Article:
Africa launches negotiations on the Continental Free Trade Area
On Monday 15 June, African leaders decided to launch negotiations to establish the Continental Free Trade Area (CFTA) by 2017. This decision, taken at the 25th Summit of the African Union, held in Johannesburg, South Africa, follows the launch of the Tripartite Free Trade Area in Cairo on June 10 last week. (See Bridges, 11 June 2015).
"Negotiations on the Continental Free Trade Area are open," said the current chairman of the African Union, and Zimbabwean President, Robert Mugabe.
"I am pleased that we are launching these negotiations following the signing this month of a free trade agreement linking the three regional groups," he added before stressing the crucial importance of the CFTA for the mobility of people and goods across the continent.
Kenyan President Uhuru Kenyatta hailed the launch of negotiations as a critical step toward reducing poverty and doubling the continent’s economic development.
“CFTA means Africa being able to be self-reliant," said President Kenyatta.
The task of establishing such a free trade area is a considerable undertaking. With 54 States, it would be the largest free trade area in the world.
The African Union has set 2017 as the target for the establishment of the CFTA, a goal that seems particularly ambitious. However, African Union Commissioner for Trade and Industry, Fatima Acyl Haram, said the organization is fully aware of the difficulties that may accompany the negotiation of such an agreement.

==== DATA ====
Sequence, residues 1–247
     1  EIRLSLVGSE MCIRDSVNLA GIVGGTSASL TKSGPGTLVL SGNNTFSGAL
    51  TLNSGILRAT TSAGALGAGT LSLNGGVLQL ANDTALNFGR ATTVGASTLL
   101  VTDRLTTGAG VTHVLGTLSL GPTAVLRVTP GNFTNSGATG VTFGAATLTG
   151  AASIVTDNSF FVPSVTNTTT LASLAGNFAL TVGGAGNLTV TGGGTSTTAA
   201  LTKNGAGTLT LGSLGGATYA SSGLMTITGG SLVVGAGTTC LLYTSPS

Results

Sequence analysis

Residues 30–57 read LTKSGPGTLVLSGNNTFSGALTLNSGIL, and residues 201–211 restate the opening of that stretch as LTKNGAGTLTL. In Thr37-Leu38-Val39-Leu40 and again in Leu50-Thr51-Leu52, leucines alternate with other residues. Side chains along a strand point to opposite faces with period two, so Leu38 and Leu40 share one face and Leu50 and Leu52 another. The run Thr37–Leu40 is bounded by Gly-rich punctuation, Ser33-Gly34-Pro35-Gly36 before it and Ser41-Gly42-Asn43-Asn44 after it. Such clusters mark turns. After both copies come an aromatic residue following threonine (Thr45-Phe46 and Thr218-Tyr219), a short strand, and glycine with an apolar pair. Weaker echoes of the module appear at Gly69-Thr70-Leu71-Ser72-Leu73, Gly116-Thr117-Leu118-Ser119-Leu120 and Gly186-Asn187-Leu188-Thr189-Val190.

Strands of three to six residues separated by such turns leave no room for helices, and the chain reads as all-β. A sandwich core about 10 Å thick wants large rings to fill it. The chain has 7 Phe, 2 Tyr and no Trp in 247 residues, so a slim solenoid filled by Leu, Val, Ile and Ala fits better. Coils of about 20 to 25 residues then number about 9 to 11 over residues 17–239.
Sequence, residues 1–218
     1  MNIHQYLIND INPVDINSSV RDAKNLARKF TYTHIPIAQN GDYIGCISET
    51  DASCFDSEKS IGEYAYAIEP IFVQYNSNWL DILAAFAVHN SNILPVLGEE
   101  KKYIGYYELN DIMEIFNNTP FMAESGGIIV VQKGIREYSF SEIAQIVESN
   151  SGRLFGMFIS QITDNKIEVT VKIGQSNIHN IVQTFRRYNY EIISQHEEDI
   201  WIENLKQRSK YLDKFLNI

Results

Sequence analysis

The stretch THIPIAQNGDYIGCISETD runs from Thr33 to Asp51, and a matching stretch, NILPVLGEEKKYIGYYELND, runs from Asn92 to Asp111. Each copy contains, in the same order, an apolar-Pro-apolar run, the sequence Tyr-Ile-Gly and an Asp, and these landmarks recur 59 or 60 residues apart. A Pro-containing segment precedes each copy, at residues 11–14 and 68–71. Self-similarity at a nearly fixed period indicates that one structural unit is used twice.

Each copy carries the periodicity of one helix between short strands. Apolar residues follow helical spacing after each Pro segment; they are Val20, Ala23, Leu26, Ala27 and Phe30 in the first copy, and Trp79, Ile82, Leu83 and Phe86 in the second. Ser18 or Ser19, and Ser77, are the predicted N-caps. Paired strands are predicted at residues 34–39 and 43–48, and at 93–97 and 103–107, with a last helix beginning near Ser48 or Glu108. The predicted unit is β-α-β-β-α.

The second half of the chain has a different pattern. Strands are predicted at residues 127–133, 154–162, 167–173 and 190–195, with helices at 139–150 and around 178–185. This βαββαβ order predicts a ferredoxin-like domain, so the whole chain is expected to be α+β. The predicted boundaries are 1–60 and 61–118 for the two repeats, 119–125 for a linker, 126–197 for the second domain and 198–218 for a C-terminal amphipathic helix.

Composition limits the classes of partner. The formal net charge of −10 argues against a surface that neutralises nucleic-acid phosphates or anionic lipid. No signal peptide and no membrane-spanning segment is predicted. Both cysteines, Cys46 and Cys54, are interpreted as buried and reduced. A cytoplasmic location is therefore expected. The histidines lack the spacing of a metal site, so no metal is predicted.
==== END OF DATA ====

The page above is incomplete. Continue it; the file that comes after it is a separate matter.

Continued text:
However, Acyl took advantage of her presence on June 4 at World Economic Forum on Africa to display her optimism and insist that such a time horizon is possible (see Bridges, 11 June 2015).
"There are countries with rich resources, landlocked countries and small island countries. However, with sufficient political will and with our knowledge of the benefits of free trade area, we will succeed, "she stated at the launch of negotiations.
Despite the optimism of the African Union, many observers point out that such integration process may prove particularly difficult. In particular, it will require substantial financial investments, including the improvement of critical infrastructure such as roads and railways.
The liberalisation exercise was initially divided into two negotiation sequences. In the first phase, discussions focused mainly on the issues of tariff liberalisation, rules of origin, trade remedies, and customs and transit procedures, among other elements.
It was originally agreed that trade officials needed to clear these agenda items before entering into the second phase, which addresses trade in services, intellectual property, competition policy, and trade competitiveness.
Phase I officially concluded in December 2014 through the adoption by heads of state and government of the “Declaration on the Conclusion of Negotiations on Phase I Trade in Goods.” Phase II of the negotiations leading up to the launch of the CFTA in the next two years will now have to tackle unresolved issues, which were postponed to Phase II, in addition to new areas of negotiations.
ICTSD reporting; "African leaders Agree to start free trade negotiations continental zone", Xinhuanet, June 16, 2015; “AU Launches Continental Free Trade Area Negotiations” Voice of America News, June 15, 2015
This artically originally appeared in Passerelles.